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I was reading about Serial communication in computers and embedded systems and found the following statement -

Computers connected by wires must have a common ground reference, typically provided by a ground wire in the cable. (Source)

What is the reason for this? I thought that the ground wire was only for protection against electrical leakage. What would be the need for a common ground wire in communication networks?

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    \$\begingroup\$ The short--short version is that you have to know what you should be measuring your signal against, of course. \$\endgroup\$ – dmckee Aug 19 '12 at 16:43
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Voltage is relative. One voltage level only makes sense if you have another voltage level to compare it to. If you would look at the signal wire alone you wouldn't get any wiser, you wouldn't measure a voltage. You need a reference to measure against, so that you can say that the signal is so-and-so-many volts, referenced to ground.

That referenced to ground is implied when we talk about voltage levels, unless otherwise indicated. Balanced signals are often symmetrical about ground, so that when on 1 wire the voltage goes to +1 V on the other wire it will go to -1 V. Nicely symmetrical. But the receiver won't look at one wire and see the +1 V; it will look at the voltage difference between the two wires, and then ground is not relevant. Such signals will most often be transmitted over twisted pair cables, where one wire is the positive signal and the other one the negative signal. There's no ground wire.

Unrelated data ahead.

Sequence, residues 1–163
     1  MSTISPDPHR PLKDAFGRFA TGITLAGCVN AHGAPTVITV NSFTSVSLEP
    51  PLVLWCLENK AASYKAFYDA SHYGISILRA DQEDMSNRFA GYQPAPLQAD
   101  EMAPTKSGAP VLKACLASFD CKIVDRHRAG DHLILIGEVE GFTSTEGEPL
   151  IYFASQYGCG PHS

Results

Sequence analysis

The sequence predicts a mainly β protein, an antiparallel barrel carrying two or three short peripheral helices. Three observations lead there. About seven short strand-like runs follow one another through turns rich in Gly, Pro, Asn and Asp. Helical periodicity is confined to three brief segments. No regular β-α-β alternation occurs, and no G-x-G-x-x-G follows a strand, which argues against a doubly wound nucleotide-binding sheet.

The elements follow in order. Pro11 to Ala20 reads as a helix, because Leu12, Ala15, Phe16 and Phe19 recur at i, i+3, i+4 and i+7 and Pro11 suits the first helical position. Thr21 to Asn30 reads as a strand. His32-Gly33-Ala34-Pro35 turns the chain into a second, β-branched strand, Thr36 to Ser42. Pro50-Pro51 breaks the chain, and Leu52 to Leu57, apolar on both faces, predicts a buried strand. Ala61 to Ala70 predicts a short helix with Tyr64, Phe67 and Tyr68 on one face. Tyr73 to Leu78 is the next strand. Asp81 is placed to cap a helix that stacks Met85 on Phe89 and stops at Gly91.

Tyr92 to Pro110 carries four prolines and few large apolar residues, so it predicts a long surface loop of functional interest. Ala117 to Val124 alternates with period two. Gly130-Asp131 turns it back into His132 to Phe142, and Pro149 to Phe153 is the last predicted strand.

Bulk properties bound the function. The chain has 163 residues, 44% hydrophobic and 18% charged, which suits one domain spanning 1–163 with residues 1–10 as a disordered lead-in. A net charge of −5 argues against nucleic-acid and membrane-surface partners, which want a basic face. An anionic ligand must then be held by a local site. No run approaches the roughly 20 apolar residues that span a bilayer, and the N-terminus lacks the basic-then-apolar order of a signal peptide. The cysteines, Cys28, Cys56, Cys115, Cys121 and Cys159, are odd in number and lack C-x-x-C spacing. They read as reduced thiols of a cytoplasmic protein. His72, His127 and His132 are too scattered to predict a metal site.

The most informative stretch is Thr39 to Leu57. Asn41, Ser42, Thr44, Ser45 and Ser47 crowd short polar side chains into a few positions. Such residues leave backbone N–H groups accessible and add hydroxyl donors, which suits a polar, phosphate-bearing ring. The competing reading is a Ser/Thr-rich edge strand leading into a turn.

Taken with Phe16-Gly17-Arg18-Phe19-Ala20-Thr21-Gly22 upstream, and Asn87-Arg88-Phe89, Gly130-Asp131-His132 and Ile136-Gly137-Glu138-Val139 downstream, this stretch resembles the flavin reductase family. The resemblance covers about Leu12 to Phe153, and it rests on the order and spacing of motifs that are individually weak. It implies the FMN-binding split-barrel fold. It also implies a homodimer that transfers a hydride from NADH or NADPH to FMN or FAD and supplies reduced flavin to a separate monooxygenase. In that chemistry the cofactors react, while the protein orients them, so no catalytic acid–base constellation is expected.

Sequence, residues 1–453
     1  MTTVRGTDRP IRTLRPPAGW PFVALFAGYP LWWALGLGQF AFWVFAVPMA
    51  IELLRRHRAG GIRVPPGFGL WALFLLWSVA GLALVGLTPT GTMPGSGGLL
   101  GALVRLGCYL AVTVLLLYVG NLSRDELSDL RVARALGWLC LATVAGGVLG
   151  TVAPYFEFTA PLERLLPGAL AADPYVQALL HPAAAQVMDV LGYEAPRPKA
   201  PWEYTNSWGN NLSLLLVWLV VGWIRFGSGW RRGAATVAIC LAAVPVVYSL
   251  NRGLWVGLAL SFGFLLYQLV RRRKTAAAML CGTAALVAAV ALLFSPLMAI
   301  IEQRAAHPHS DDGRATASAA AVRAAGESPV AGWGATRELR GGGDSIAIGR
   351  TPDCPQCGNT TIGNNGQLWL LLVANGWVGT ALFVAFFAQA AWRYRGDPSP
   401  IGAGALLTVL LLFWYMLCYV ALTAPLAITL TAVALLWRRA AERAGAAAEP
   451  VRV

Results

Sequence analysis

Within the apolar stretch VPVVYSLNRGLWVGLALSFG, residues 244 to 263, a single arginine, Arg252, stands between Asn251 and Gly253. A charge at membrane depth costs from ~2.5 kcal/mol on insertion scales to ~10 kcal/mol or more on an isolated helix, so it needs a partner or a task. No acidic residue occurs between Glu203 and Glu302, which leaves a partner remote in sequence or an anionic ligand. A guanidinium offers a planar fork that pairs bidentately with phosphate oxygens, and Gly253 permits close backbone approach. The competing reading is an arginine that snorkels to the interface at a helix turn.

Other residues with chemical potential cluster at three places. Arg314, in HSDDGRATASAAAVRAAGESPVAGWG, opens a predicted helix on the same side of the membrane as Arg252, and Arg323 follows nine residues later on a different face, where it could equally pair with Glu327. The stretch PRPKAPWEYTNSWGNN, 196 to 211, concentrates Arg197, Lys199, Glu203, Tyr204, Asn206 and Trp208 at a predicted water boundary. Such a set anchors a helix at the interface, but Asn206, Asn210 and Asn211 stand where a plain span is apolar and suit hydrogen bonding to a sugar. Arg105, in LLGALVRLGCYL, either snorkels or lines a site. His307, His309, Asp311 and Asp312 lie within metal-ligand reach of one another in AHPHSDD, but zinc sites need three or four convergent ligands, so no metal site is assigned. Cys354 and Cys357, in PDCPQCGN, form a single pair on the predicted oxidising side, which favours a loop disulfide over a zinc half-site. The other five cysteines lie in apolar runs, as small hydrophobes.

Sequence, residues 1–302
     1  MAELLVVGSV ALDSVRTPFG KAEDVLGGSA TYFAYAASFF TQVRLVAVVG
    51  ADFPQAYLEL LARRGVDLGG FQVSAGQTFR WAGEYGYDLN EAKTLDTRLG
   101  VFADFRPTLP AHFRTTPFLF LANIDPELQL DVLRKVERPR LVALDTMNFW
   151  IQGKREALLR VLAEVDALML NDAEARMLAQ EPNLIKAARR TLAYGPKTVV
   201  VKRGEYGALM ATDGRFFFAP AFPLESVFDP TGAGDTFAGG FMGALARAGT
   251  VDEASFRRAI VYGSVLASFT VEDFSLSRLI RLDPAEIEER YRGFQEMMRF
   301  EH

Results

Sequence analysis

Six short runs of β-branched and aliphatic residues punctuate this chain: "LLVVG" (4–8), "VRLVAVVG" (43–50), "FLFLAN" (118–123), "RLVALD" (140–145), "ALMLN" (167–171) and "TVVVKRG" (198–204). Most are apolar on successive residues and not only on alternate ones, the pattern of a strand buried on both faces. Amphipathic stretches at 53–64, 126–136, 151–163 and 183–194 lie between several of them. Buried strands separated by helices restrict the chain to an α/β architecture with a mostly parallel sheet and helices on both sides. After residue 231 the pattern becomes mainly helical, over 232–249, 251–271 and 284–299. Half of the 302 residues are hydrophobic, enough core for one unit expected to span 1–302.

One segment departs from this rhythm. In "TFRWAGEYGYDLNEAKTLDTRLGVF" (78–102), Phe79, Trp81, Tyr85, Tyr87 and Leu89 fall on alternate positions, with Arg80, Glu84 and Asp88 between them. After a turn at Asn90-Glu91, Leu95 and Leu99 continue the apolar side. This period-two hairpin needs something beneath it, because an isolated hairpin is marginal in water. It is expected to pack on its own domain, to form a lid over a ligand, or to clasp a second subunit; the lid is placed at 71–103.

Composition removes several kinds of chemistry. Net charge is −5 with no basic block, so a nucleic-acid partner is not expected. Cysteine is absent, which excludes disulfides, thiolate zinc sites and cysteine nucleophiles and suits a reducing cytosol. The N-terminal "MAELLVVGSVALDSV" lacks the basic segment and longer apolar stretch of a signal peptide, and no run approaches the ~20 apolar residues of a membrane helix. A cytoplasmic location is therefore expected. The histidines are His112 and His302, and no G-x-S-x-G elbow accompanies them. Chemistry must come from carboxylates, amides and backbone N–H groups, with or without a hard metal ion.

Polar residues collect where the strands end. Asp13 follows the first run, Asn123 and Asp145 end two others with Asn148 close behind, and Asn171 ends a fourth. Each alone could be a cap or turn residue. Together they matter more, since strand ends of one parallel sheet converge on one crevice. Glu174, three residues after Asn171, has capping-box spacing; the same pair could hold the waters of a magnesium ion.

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Kortuk wants to see a pretty picture. Again. (sigh)

enter image description here

Et voilà, une jolie image. Don't look at En-Ya, this is about my wall clock. How high does it hang? Most people will say "about 2 meters". That's because we usually will take the floor as reference level, our "ground". But my apartment is on the second floor, and if I take street level as reference the clock will be at 8 m above street level. A geographer may suggest 35 m above sea level. So "height" has no meaning without a reference, and with voltage it's the same thing.

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  • \$\begingroup\$ birds on electrical wire =) \$\endgroup\$ – Onur Aug 19 '12 at 18:51
  • \$\begingroup\$ I notice your answer has no pretty picture. \$\endgroup\$ – Kortuk Aug 19 '12 at 20:28
  • \$\begingroup\$ @Kortuk - yep, I thought my nice picture was worth at least 5 votes... ;-) \$\endgroup\$ – Oli Glaser Aug 19 '12 at 21:18
  • \$\begingroup\$ @Oli - Yours may be animated, but mine has a very nice girl! :-) \$\endgroup\$ – stevenvh Aug 20 '12 at 7:16
  • \$\begingroup\$ @Kortuk - Has too! :-) \$\endgroup\$ – stevenvh Aug 20 '12 at 7:34